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  • New Frontiers in MEMS and Their Enablers

    With the 51st DAC approaching quickly, I spent some time last week-end to look around about what new trends, technologies and innovations will be most talked about during DAC. Every year, I find some exciting new technologies in the semiconductor industry and the overall semiconductor ecosystem that get wider exposure to the community during DAC. This year I will not be surprised to see MEMS get more attention; more and more MEMS devices are being used for personal, industrial, automotive, security, medical, home and many other appliances.

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    Some time ago, I had talked about TI’s DLP technology, pico and phone projector. To my surprise, I see many companies working in this area – mini-projector for smartphones, micro-mirrors for many other applications, and others. Above is a picture of Fraunhofer’s mini-projection system for smartphone, where a user can operate the smartphone via the projection function or from the display screen. Any portion of an image in the projection can be zoomed in by swiping the projection with your finger in the same way as on the display screen.

    Clearly with development such as these, and the overall excitement about other areas such as the Internet of Things (IoT), wearable devices, and ubiquitous sensors there is a bright future ahead for many areas of electronic design – and addressing the entire overall solution from software, hardware, assembly and so on must happen. MEMS are in the center of almost all of this activity, so it reminds me to keep an eye on what MEMS design tools provider Coventor is doing and what they have to say about recent trends– since they are working with the world’s leading MEMS developers every day.

    When I reviewed Coventor website for their MEMS software tools offerings, I happened to go through some of their blogs and this was another proof of significant amount of R&D happening in developing new MEMS devices like these. A blog on bolometers tells me that there is great momentum around microbolometers and many of Coventor’s customers have been asking for evaluation and specific support for these type of devices (which were not so much in demand earlier) in their simulation and design tools. MEMS is an area where every device needs to be customized and in today’s business dynamics one cannot survive with the lengthy build-and-test cycles through foundry to qualify a device; simulation tools like SEMulator3D, CoventorWare and MEMS+ are a must to accelerate the process. In fact these tools will be very handy in exploring the development of new devices. I am happy to see that this trend is picking up!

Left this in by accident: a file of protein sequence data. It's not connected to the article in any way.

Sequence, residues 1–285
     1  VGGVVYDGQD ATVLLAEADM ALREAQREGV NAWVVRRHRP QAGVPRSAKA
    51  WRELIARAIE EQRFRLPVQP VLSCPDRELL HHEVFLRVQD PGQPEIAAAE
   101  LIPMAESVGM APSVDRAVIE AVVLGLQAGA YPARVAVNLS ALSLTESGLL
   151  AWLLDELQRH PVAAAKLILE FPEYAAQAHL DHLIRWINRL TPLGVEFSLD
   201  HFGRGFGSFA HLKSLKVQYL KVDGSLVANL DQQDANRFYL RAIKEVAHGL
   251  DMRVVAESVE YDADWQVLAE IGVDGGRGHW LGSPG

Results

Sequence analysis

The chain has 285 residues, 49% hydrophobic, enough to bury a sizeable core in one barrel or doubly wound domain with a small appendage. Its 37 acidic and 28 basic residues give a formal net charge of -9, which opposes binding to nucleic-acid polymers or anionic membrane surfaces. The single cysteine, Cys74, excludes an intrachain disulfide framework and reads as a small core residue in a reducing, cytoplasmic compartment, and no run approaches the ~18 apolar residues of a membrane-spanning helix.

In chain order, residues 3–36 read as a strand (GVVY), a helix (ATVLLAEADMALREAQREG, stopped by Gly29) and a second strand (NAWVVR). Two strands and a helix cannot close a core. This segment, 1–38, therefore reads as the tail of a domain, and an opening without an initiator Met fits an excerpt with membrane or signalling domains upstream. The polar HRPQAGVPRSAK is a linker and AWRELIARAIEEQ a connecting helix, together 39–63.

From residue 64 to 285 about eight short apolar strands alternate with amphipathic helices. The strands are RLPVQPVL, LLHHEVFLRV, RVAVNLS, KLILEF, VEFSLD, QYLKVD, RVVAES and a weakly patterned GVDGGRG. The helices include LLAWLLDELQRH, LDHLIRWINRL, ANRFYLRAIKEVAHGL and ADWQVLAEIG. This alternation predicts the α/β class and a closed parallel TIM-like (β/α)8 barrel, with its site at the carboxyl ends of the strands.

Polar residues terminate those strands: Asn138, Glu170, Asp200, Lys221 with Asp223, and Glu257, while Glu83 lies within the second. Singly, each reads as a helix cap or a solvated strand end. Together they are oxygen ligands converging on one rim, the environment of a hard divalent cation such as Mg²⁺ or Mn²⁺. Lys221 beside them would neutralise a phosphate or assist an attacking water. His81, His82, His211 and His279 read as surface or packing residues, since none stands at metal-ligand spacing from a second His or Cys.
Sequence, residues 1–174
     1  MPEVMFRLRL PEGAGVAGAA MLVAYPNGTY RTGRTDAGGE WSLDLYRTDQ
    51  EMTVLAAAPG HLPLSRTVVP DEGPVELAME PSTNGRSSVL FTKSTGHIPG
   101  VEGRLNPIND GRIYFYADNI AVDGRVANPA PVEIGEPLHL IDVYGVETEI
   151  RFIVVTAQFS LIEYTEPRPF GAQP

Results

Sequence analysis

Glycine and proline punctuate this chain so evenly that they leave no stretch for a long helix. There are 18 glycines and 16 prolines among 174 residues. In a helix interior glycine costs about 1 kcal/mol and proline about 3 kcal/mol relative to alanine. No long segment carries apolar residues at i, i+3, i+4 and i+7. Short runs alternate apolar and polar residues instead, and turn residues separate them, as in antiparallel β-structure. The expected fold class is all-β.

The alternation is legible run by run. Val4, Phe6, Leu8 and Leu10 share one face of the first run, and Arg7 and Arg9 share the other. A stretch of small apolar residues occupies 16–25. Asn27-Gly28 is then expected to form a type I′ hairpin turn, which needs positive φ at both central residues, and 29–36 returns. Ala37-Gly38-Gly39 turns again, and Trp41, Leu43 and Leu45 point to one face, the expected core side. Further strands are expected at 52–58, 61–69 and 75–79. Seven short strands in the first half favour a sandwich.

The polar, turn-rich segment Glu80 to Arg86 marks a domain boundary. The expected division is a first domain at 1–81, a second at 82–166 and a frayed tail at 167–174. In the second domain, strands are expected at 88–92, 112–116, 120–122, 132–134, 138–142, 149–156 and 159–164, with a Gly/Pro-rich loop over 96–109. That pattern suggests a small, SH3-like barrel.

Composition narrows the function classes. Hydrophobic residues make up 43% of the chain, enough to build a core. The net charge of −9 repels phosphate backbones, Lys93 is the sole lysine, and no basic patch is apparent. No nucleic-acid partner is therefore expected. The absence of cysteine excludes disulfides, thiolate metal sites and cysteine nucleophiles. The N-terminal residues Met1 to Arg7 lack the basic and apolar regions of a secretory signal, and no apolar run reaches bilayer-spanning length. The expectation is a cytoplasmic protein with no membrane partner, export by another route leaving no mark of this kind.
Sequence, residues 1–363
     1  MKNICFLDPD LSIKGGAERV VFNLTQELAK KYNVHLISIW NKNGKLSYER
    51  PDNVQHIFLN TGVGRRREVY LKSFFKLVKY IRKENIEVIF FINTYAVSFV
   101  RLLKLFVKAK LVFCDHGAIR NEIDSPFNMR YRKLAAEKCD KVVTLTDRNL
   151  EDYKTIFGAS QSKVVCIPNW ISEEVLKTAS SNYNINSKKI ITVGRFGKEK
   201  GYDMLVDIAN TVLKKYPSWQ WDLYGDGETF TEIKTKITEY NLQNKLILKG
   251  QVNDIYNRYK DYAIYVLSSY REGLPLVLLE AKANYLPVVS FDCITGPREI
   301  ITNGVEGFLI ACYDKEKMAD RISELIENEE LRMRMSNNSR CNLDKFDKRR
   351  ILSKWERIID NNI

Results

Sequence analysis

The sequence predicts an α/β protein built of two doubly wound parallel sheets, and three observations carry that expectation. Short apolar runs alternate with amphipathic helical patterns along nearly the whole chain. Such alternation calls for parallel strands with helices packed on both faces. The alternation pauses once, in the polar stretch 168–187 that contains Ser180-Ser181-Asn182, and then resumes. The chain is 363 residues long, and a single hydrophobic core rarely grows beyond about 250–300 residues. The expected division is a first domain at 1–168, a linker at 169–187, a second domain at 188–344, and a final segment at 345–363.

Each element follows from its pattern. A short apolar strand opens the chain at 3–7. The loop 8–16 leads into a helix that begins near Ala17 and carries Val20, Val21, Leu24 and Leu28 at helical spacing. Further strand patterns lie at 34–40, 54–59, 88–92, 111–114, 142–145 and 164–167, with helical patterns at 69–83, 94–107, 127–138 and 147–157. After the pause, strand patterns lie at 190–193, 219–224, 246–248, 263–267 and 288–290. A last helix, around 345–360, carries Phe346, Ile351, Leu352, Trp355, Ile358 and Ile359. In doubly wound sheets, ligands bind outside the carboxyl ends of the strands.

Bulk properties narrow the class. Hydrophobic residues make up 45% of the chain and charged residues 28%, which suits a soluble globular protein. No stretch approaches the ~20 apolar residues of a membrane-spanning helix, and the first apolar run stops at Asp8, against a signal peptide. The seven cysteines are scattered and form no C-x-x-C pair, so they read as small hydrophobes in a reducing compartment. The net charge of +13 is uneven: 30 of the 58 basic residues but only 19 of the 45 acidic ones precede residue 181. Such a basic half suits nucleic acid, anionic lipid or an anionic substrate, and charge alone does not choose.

Looking further into another blog by Gunar Lorenz, Director, System Level Simulation at Coventor, I got a bit of a ‘sneak peek’ at the upcoming release of Coventor’s new MEMS+ 5.0 platform (MEMS+ is a very innovative platform for helping designers combine MEMS with traditional ICs, an important trend in electronic design these days). The new release will be announced over the summer and it has many new capabilities for developing cutting-edge devices, about which I can talk later in much detail. But the preview blog post discussed some new features around the design of Micro Scanning and Projection Mirrors.

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    Typically, the electrostatic comb structures, which tilt the mirror out-of-plane, disengage completely during the mirror operation, and it’s a big challenge to keep the system in sync. In MEMS+ 5.0, the comb library components stay accurate even with the comb fully disengaged and that is reflected in the above graph where there is excellent agreement between MEMS+ with disengagement and the CoventorWare field solver.

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    Again, comb fingers between two moving flexible structures, a key modeling requirement for gimbaled two-axis mirrors, is now supported in MEMS+ 5.0 comb finger models.

    The new release of MEMS+ will also feature a ROM (Reduced Order Model) export capability that can address the challenge of simulating frequency hysteresis, which typically requires large simulation time due to large number of time steps involved. This capability goes much beyond the typical multi-threading and algorithmic optimization of software to accelerate simulation speed. There is much more to look forward to in MEMS+ 5.0 release, and I’m eagerly waiting to write more about it.

    I must say - it’s a great two way communication between the device developers and the tool enablers that gives rise to new devices and customizes and refines the existing ones for their application into ever newer smart electronic systems. With such automated tools and plenty of opportunities ahead, particularly in the much-talked about world of IoT, I am sure we will see a multitude of new MEMS devices that will be used in areas we haven't even imagined yet.


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